Naturalism through Art: Andy Goldsworthy
By: Lauren Royer
Earth Day weekend I screened a film called 'Leaning in the Wind', and it's impacted me deeper than I had expected. Thinking the film would be kind of indie, artsy, and light-hearted- I waundered in and let myself be open to a good time. This became much more than that. I walked out with a renewed interest in nature, art, and life as a whole.
Ah man but now your expectations of the film may be too high, it may be ruined. I'm willing to risk that on this one. Stop reading for spoilers now.
'Leaning in the Wind' is a cinematically stunning film about an artist making art. The music, scenes, subject, and direction are all notable and 'new' in your mind. Yet, there was something vastly familiar of the concepts being presented to you. The emotions are raw, light, and mildly electrifying. You see artist Andy Goldsworthy making his art, some of which will disappear before your eyes. Like beautiful, haunting magic tricks. They disappear as a reminder that nature is ever-changing and moving, like us.
What makes these tricks of hand so beautiful is that this artist's primary tools and supplies are nature itself. Stunning organic images are created with bright yellow pollen on a tree. Hundreds of red leaves covering rocks in a river. The list goes on, but this link has a well rounded collection of his images as it becomes indescribable in words from here. This fella actually is one with nature, even uncomfortably so as viewers see him crawling through tree branches and laying in the rain to form a human shape. We become very aware that our footprints are both temporary and lasting. The film contrasts the artist with the art. Successfully, it opens his soul showing that behind all the quirks and years of work, there is a method behind his madness. Or, at the very least, a meaning.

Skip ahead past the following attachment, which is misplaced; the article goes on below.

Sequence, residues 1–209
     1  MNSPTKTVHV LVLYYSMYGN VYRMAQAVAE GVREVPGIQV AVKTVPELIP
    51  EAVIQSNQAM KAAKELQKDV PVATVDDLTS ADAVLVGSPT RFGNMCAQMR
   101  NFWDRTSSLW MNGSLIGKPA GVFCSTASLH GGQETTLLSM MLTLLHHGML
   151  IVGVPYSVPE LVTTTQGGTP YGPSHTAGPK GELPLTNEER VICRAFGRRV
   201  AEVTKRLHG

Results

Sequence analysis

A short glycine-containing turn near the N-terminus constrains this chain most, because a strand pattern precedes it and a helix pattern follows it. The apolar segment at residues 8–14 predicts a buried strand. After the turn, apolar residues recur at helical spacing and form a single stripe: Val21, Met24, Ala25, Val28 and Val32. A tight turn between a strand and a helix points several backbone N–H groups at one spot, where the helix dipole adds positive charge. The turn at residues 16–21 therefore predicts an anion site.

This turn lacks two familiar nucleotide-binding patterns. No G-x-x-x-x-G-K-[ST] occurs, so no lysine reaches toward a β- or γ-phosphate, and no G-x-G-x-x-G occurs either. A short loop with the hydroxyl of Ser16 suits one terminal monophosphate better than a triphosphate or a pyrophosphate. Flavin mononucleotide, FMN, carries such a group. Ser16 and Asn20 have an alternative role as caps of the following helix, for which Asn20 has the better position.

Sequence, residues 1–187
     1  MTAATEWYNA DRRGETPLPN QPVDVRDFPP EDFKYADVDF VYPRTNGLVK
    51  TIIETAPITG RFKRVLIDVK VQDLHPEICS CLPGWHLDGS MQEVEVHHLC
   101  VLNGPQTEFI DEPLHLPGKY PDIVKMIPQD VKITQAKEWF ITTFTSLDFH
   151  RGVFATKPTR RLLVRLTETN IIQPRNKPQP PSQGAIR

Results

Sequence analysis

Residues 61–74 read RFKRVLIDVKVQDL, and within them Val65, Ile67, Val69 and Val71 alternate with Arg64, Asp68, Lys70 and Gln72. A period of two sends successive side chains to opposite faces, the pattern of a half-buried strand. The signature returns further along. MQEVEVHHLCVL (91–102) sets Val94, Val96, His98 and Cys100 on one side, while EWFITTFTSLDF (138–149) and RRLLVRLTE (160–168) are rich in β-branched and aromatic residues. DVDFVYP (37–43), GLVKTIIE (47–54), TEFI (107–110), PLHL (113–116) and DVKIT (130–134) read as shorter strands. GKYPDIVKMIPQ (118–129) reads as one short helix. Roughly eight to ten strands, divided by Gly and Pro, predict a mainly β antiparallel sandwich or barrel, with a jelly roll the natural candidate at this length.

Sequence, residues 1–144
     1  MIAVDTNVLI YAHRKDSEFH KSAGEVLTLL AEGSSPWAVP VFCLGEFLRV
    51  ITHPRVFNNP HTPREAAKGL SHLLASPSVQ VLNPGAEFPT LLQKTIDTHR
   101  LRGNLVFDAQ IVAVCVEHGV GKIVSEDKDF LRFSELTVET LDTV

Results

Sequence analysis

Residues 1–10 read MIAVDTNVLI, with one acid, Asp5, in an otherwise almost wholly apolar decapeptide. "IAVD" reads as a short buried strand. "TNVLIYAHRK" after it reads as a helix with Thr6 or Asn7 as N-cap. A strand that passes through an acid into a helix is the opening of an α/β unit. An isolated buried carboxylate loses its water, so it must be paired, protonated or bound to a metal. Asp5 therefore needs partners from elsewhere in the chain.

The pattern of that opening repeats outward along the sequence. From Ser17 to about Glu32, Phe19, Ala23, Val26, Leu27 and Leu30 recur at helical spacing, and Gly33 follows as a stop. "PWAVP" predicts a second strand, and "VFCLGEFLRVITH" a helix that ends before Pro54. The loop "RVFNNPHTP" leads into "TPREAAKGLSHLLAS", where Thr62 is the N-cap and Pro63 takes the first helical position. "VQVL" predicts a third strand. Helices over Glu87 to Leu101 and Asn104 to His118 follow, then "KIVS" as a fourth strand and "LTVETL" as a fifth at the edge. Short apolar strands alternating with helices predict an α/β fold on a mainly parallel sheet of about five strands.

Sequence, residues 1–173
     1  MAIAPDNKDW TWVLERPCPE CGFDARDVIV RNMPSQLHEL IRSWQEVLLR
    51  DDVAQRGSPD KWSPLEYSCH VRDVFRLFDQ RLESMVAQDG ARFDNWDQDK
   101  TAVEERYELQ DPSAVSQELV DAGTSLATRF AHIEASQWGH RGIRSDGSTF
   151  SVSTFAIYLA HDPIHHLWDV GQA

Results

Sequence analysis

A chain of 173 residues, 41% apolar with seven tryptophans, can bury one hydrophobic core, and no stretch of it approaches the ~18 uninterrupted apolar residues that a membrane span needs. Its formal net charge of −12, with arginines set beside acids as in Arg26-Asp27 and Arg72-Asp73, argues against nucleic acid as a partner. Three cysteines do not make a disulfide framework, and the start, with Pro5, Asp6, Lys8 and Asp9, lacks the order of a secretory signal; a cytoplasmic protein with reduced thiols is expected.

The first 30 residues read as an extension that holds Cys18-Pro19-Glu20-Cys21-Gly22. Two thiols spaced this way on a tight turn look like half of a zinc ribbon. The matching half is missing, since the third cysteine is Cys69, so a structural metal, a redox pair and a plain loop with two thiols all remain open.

Beyond all this artsy stuff... ENVIRONMENTALISM. Did I lose you after that? Cool. Because this film renewed my desire to fight for this planet. It's a major bummer we can't appreciate this earth more. It's also a major bummer we can't RESPECT her more. By making his art of the earth and letting her blow it away by wind or decay, Goldsworthy respects her. In one scene, he was preparing to do a major stone installation. They planned to drill into the rockbed, and he couldn't bring himself to do it, noting, 'it didn't feel right'. His Naturalist approach in art form touches on the part of you that feels at peace when walking through a forest. Even outside of wild lands, Goldsworthy brings Naturalism into cities and among concrete steps and skyscrapers, nature is subtly the most dominant force present.
"Leaning into the Wind" is a sequel documentary to "Rivers and Tides". Both were directed by Thomas Riedelsheimer. For information on how you can help your planet Earth, start with this resource: www.earthday.org/take-action/